The Last Extinction Event
The Permian—Triassic extinction event, sometimes known as the Great Dying, was an extinction event that occurred 250 million years ago, forming the boundary between the Permian and Triassic geologic periods, as well as the Paleozoic and Mesozoic eras. It was the Earth's most severe known extinction event, with up to 96% of all marine species and 70% of terrestrial vertebrate species becoming extinct. It took some 10 million years for Earth to recover from the greatest mass extinction of all time, latest research has revealed. There were apparently two reasons for the delay, the sheer intensity of the crisis, and continuing grim conditions on Earth after the first wave of extinction.
Recent evidence for a rapid extinction bounce-back is evaluated in a new review article by Dr Zhong-Qiang Chen, from the China University of Geosciences in Wuhan, and Professor Michael Benton from the University of Bristol. They find that recovery from the crisis lasted some 10 million years, as explained in Nature Geoscience.
The end-Permian crisis was possibly triggered by a number of physical environmental shocks - global warming, acid rain, ocean acidification and ocean anoxia. There are several proposed mechanisms for the extinctions; the earlier phase was likely due to gradual environmental change, while the latter phase has been argued to be due to a catastrophic event. Suggested mechanisms for the latter include large or multiple bolide impact events, increased volcanism, coal/gas fires and explosions from the Siberian Traps,and the sudden release of methane clathrate from the sea floor; gradual changes include sea-level change, anoxia, increasing aridity, and a shift in ocean circulation driven by climate change.
Dr Chen said: "It is hard to imagine how so much of life could have been killed, but there is no doubt from some of the fantastic rock sections in China and elsewhere round the world that this was the biggest crisis ever faced by life."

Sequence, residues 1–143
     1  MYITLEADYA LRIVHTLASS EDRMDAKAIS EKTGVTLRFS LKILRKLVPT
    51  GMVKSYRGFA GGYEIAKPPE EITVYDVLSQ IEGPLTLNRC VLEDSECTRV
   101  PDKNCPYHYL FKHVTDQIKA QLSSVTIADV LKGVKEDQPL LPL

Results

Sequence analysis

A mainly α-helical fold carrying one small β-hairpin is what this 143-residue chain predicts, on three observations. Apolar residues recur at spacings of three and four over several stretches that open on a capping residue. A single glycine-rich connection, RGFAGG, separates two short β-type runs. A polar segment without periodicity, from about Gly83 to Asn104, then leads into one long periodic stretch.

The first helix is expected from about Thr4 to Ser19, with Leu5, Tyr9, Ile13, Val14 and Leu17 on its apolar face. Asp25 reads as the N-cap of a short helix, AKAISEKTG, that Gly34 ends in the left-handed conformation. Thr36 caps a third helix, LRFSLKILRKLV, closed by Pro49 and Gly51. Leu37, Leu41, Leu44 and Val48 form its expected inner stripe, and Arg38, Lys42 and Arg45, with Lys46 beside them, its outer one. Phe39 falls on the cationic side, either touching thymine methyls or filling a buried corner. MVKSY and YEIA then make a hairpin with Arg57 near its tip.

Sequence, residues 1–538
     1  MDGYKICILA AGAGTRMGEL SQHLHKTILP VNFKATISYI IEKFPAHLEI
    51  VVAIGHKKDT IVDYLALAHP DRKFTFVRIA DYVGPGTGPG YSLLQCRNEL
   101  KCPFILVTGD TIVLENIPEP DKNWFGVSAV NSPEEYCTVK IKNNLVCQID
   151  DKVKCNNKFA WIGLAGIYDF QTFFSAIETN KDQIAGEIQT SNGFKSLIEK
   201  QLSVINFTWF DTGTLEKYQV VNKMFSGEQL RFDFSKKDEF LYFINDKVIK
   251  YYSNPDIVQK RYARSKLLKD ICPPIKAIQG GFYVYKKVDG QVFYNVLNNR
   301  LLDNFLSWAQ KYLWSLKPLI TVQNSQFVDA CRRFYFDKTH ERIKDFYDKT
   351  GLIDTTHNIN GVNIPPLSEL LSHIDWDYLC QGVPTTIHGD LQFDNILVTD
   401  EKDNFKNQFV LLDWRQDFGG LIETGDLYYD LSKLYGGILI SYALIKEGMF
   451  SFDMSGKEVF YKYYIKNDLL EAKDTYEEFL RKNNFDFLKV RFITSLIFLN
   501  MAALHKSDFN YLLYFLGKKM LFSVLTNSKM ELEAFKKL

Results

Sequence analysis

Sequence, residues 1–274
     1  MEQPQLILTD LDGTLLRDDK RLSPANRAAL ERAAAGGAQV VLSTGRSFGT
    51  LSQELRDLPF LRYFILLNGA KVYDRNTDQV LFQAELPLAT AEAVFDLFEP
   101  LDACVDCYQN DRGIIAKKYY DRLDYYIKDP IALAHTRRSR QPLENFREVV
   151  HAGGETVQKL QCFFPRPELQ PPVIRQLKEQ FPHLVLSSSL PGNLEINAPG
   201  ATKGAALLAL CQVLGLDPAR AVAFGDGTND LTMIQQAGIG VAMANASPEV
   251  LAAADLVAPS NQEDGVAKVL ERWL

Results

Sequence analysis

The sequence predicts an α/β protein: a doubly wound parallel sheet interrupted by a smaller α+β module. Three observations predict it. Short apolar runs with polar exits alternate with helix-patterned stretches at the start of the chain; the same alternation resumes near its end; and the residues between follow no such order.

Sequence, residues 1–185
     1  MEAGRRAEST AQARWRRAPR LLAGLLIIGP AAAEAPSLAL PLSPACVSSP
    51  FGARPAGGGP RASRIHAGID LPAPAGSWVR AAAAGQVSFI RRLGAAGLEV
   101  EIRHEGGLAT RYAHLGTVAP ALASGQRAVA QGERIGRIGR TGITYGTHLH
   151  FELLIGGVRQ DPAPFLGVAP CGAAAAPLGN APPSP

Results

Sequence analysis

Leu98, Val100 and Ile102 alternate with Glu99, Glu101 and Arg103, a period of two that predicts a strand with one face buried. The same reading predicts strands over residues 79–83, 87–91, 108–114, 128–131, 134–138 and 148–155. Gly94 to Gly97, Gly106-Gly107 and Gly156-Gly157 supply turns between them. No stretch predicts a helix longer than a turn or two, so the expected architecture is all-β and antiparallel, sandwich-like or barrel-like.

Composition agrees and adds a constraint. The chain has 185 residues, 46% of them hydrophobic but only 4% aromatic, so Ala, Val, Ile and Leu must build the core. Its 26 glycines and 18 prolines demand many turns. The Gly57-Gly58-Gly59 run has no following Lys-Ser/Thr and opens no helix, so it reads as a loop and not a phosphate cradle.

Current research shows that the grim conditions continued in bursts for some five to six million years after the initial crisis, with repeated carbon and oxygen crises, warming and other ill effects. Some groups of animals on the sea and land did recover quickly and began to rebuild their ecosystems, but they suffered further setbacks. Life had not really recovered in these early phases because new permanent ecosystems were not established.
Professor Benton, Professor of Vertebrate Palaeontology at the University of Bristol, said: "Life seemed to be getting back to normal when another crisis hit and set it back again. The carbon crises were repeated many times, and then finally conditions became normal again after five million years or so."
Finally, after the environmental crises ceased to be so severe, more complex ecosystems emerged. In the sea, new groups, such as ancestral crabs and lobsters, as well as the first marine reptiles, came on the scene, and they formed the basis of future modern-style ecosystems.
Professor Benton added: "We often see mass extinctions as entirely negative but in this most devastating case, life did recover, after many millions of years, and new groups emerged. The event had re-set evolution. However, the causes of the killing - global warming, acid rain, ocean acidification - sound eerily familiar to us today. Perhaps we can learn something from these ancient events."
For further information see Extinction.
Microbe Ecosystem image by John Sibbick via University of Bristol.